provided, including thanks from the girls’ mother for the wonderful Christmas the Baars gave her daughters, the foster home was shut down. The couple was effectively prevented from ever taking children into care again.
Goodman found this to be a serious violation of the Baars’ charter rights to religious freedom and freedom of expression. He delivers a stinging rebuke to the idea that the state can use its awesome force to oblige citizens to disavow their beliefs, proclaim things they don’t believe or speak when their preference is silence.
“The purpose of the society’s actions was to control the Baars’ attempts to convey meaning, namely their attempts to convey their opinion and values with regard to lying. ... ( T)he right to freedom of expression prohibits compelling anyone to express opinions not their own,” Goodman writes.
Every politician and state agent should reread those words daily. They are particularly suited to the Canada Summer Jobs program debacle, where the federal government wants Canadians to just tick the box on a funding application form attesting that they support a non-existent right to abortion.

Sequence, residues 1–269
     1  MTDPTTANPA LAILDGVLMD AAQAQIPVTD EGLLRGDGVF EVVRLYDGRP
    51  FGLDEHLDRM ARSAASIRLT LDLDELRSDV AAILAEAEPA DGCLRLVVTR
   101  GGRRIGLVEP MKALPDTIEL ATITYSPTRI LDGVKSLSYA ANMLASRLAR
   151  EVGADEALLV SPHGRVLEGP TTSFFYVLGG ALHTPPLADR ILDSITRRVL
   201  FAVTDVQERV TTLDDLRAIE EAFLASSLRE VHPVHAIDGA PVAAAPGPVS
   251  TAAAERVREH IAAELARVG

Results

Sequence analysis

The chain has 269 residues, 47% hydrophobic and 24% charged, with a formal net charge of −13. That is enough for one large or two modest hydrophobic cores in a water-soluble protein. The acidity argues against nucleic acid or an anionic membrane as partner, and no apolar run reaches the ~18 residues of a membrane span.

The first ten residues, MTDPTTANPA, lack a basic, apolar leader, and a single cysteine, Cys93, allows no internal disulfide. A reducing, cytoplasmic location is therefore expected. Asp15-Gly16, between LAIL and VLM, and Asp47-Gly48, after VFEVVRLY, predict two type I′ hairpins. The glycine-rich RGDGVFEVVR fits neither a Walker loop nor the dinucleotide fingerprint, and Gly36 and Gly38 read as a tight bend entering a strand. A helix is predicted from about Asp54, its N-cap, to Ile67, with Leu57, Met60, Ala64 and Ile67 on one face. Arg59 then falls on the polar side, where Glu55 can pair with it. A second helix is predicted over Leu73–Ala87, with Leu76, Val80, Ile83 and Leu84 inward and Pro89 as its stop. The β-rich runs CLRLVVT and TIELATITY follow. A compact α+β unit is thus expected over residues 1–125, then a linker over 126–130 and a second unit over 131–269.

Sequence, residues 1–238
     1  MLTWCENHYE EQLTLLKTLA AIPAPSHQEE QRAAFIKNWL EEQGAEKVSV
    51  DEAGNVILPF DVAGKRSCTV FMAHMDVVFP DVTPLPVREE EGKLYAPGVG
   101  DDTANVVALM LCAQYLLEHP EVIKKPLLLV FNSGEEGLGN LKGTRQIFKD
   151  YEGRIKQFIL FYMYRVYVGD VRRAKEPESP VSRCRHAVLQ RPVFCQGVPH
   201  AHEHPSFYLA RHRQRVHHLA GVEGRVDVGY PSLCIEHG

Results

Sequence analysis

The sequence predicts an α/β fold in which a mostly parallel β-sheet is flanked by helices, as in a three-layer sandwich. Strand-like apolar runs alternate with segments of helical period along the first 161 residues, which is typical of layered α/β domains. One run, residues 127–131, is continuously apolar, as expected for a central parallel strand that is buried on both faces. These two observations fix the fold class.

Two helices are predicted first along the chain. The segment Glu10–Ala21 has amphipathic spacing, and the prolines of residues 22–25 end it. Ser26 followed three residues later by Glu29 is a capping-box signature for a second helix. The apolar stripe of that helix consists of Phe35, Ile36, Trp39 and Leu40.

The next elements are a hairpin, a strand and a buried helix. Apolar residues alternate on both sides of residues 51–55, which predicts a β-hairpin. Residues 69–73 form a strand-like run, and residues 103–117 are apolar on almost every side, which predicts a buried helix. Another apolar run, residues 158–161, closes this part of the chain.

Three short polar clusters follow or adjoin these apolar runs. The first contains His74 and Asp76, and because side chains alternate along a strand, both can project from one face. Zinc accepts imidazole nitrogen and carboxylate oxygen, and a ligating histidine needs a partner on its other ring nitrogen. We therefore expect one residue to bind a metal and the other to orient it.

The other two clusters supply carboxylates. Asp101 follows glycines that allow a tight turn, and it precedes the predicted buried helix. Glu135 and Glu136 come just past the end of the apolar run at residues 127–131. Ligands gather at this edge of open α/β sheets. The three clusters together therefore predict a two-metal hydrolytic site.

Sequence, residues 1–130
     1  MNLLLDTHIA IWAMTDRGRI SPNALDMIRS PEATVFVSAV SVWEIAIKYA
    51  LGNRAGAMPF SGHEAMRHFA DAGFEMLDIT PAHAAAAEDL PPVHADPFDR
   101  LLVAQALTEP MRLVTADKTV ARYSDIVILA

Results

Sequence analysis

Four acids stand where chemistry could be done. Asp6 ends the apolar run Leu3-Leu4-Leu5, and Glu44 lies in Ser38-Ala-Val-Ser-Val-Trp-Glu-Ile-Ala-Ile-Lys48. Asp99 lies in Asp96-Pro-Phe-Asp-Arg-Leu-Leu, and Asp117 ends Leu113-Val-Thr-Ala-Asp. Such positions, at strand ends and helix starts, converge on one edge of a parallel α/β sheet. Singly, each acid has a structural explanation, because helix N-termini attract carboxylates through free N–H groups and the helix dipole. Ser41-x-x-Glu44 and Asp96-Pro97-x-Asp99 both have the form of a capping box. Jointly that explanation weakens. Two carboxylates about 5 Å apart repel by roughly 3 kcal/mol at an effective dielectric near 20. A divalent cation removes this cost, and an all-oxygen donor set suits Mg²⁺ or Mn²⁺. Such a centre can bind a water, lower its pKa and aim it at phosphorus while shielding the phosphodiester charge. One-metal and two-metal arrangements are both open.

Such obligatory box requires, of course, ignoring one’s true opinions and values regarding abortion. But failure to tick the box means no federal funds to hire summer students, just as refusing to affirm the reality of the non-existent Easter Bunny meant the Baars losing their foster children and their foster home.
As with the Baars, legal action is now proceeding over the Canada Summer Jobs perfidy. We can only hope Goodman’s decision serves a noble purpose in that process.
More, moving beyond the specific story line before the courts, we can be infinitely grateful there are Canadians who simply won’t lie down when the state tells them to lie. -TROYMEDIA